My name is Vikram and I’m a Canadian ex-pat living in the UK. I was hired by Lightful in late June 2019 as a Senior User Experience (UX) Designer. My reasons for wanting to join such a company are manyfold, but primarily stem from wanting to do something that makes a difference. When I say this, I really do mean ‘difference’ in terms of making life better for all, not for fulfilling a generic company vision!
And I found Lightful to be this company — one that seeks to truly enhance altruistic voices and #reclaimsocial. This isn’t just a side goal or a company vision stuck in a drawer somewhere, it is quite literally our product offering.
So…how can “UX” help do this?
User Experience is a relatively common term if you are in digital, but if you aren’t, it may not be. As an exciting, burgeoning field, User Experience slides here and there, fluidly encompassing ever more activities and areas. As such, it can, unfortunately, be used as a bit of a buzzword by some people.
But there is a core to UX, one that is academically rigorous and has been developed over the latter part of the 20th century. UX comes from the belief that systems should be designed to respond to how humans actually behave in the world, not how we want humans to behave. A UXer works to research how users behave, what they need, and then works to design systems that accommodate these behaviours and needs.
In understanding our customers we aim to tweak old features of the Lightful platform to ensure that their usability and effectiveness are maximised, while also innovating new features that make social media posts and campaigns easier to do create, and more effective. We’ve already seen this happen; our tweaked social media post layouts are simpler to comprehend yet also more functional.
I’ve worked with our team to build a “Discovery” process that involves rigorous research, prototyping, and evaluation of prototypes. This provides insight into new changes or features we can take into development and allows us to deeply understand what needs we are addressing and to what extent.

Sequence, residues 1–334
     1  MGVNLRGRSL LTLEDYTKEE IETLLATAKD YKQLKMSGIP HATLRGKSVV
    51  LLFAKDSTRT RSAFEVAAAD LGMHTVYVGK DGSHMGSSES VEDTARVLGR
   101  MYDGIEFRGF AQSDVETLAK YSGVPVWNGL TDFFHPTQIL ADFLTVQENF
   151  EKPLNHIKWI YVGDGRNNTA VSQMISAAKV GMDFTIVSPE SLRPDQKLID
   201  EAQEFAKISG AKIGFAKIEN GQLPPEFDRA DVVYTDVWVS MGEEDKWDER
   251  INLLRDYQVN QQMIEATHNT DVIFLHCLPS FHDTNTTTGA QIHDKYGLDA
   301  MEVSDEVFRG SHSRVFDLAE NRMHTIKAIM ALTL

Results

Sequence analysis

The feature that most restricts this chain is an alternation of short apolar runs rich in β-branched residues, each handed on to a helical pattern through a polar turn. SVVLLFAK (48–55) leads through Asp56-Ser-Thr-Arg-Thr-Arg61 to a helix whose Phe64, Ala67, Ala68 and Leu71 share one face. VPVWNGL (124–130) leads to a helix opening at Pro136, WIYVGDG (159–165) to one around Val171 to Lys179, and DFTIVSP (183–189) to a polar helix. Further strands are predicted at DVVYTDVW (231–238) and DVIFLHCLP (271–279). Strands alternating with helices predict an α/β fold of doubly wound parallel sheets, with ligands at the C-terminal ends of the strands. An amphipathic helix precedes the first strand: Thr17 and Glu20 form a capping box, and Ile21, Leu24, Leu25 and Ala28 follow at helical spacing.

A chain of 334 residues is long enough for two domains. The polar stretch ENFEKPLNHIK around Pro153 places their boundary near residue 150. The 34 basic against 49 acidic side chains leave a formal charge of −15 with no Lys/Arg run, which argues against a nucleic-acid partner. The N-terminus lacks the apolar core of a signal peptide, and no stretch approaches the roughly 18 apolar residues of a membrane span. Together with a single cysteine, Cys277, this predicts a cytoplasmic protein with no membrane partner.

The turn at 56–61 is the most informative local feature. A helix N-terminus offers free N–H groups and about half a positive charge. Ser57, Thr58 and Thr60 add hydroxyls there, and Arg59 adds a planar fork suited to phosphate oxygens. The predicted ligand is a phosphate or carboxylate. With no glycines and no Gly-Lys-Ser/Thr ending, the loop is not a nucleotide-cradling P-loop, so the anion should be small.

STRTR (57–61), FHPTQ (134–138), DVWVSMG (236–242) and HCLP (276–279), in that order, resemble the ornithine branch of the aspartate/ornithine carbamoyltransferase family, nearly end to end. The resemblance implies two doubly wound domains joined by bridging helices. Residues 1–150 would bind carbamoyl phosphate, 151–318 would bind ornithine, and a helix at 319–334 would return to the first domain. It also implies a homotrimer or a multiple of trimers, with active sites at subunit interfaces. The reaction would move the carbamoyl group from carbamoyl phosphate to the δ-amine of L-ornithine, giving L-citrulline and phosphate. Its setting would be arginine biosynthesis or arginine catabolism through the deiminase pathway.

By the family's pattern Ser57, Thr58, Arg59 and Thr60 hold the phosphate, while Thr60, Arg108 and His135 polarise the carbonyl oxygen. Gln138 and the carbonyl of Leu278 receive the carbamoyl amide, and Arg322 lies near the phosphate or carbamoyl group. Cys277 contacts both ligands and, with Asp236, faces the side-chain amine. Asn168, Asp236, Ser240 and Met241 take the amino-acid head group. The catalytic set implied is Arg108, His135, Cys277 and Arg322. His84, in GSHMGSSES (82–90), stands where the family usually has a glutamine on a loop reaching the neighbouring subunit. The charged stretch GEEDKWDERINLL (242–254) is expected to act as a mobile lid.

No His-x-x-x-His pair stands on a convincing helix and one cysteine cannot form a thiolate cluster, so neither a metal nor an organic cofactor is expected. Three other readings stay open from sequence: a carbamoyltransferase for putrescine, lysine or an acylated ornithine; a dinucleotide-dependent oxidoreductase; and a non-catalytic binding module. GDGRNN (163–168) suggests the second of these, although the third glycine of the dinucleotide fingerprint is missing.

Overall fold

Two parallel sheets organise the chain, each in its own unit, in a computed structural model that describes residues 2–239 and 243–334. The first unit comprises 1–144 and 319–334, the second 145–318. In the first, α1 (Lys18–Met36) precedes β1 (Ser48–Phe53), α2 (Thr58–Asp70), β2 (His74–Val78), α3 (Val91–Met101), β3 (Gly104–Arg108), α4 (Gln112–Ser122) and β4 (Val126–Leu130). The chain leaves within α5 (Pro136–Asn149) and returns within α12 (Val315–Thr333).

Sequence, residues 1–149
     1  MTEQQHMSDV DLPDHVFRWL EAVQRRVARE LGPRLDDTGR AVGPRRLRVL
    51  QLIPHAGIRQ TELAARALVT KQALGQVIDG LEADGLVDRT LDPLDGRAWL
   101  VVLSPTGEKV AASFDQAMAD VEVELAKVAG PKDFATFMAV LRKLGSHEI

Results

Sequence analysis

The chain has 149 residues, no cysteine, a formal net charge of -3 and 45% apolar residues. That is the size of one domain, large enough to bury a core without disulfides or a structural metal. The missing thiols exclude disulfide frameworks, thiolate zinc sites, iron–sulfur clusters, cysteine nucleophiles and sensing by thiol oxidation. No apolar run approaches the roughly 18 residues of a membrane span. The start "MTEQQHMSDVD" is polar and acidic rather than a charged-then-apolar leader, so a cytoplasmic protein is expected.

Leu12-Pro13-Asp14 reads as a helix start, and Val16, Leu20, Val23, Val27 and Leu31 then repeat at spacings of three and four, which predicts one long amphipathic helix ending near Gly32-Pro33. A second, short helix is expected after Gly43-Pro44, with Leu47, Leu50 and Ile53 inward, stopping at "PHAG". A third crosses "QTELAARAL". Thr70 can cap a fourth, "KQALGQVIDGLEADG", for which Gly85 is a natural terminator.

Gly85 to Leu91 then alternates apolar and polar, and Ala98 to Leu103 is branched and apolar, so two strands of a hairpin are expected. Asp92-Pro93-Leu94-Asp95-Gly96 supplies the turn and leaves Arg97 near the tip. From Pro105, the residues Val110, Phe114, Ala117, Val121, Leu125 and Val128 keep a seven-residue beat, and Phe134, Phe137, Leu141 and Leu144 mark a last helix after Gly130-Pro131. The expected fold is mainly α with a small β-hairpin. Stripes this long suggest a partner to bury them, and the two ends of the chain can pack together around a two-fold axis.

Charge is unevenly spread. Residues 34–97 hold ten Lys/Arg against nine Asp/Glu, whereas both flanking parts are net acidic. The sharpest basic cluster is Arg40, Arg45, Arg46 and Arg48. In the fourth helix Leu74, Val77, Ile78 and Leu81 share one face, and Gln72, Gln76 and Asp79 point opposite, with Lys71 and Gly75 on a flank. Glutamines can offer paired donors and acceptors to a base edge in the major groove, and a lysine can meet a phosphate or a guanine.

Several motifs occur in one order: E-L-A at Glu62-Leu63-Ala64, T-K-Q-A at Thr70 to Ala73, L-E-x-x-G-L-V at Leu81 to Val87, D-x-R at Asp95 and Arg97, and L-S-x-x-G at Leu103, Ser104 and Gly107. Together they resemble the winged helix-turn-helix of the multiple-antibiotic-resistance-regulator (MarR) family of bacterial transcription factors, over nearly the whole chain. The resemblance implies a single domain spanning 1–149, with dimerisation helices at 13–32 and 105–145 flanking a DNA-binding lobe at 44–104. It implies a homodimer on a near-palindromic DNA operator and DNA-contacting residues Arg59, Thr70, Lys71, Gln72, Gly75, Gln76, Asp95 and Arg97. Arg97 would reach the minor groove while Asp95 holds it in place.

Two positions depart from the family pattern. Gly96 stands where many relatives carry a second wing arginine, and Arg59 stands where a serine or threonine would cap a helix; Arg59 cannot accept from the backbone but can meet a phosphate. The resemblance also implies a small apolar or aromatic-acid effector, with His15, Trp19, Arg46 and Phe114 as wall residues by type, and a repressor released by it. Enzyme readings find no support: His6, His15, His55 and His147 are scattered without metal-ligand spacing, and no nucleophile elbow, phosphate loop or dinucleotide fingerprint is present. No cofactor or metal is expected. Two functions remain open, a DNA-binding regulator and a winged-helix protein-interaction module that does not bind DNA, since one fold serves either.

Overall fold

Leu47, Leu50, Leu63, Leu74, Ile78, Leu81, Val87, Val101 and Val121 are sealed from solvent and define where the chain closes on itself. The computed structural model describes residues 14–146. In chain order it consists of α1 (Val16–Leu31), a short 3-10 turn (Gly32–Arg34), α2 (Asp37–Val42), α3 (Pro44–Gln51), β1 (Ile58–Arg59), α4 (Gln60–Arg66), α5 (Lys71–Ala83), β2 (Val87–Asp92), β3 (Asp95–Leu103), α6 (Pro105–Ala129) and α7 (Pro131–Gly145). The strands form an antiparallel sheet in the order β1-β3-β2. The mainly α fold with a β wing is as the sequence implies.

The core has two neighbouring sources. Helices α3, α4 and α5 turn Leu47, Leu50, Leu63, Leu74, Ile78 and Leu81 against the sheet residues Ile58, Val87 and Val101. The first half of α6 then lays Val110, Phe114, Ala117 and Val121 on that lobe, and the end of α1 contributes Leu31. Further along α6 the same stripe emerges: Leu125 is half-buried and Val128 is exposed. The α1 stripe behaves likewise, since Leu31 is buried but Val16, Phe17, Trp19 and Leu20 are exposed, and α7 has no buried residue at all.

But UX isn’t only applicable to digital product development. It can be applied to almost anything – take my onboarding here at Lightful. Thoroughly done, it involved key UX principles.
Onboarding the right way
There’s no question that anyone’s first few weeks in a new job are busy, and this is doubly true for a startup. Yet Lightful pioneered a robust new onboarding process that managed to soften a good deal of the bumps one encounters when joining a new company. My first 3 months have been full, but intelligently structured.
There’s a term that we use in UX called “Zone of Proximal Development”. This means timing experiences just right to get users to learn things that are just ahead of what you expect them to already know. Too advanced, they will be confused. Too simple and they will be annoyed. Too much, and they’ll be overwhelmed. As I see it, my onboarding at Lightful followed this approach.
Prior to joining I was invited to spend a day hanging out with the team – this actually proved really useful as it was a non-stressful way to get to know people, have some time to consider how I best fit with the team, and where I might want to take UX activities. I learned basic things about the company without needing to worry about deep diving.
I was given a work buddy too — Priscilla (she’ll often be your buddy too if you use our platform’s chat function!). She showed me around the organisation and ensured that I had everything I needed. There are times where you may need help at a level that only someone who has been through a similar process understands. Work buddies understand the (sometimes silly!) questions you may need to ask – they know what you may find confusing!
Bamboo HR was also used, which is an online Human Resources tool. This provided me with a checklist of key people to speak to about the different areas of our company, and key documents to look over. Formalising it in this way made my understanding a key activity – not an optional one for when everyone has time – that slowly ramped up my overtime. From a UX perspective, this might be considered helping me construct a ‘mental model’ of the company, its activities and personnel.
I’ve been loving my time at Lightful and am honestly excited about some of the innovative features we have in the pipeline. We’re going to be testing some of these features and new prototypes, so if you’re involved in 3rd sector social media activities and interested in feeding back on our features, please contact me by clicking here! We’d love to have you involved!
The persistent gender gap in digital access and skills is preventing women and young girls from unlocking technology’s full potential. Gender justice and reproductive rights organisations have been battling with a huge swell of demand for services, yet they face a severe lack of funding, resources, and digital training to strengthen their organisation and keep up with other sectors.
At Lightful we are on a mission to help nonprofits become better storytellers, communicators and fundraisers, and we believe in the transformative power of digital to help them do this. With more and more individuals turning to online platforms to connect with one another, campaign, share stories, and support the causes they care about, it’s crucial that nonprofits have a strong digital presence as a powerful tool to build trust with their audiences.
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